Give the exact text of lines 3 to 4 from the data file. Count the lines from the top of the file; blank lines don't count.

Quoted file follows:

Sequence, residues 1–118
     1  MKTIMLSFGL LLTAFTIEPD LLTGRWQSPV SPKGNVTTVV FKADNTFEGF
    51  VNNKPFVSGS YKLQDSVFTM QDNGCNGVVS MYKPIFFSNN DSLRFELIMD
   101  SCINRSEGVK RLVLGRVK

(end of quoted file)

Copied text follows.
    51  VNNKPFVSGS YKLQDSVFTM QDNGCNGVVS MYKPIFFSNN DSLRFELIMD
   101  SCINRSEGVK RLVLGRVK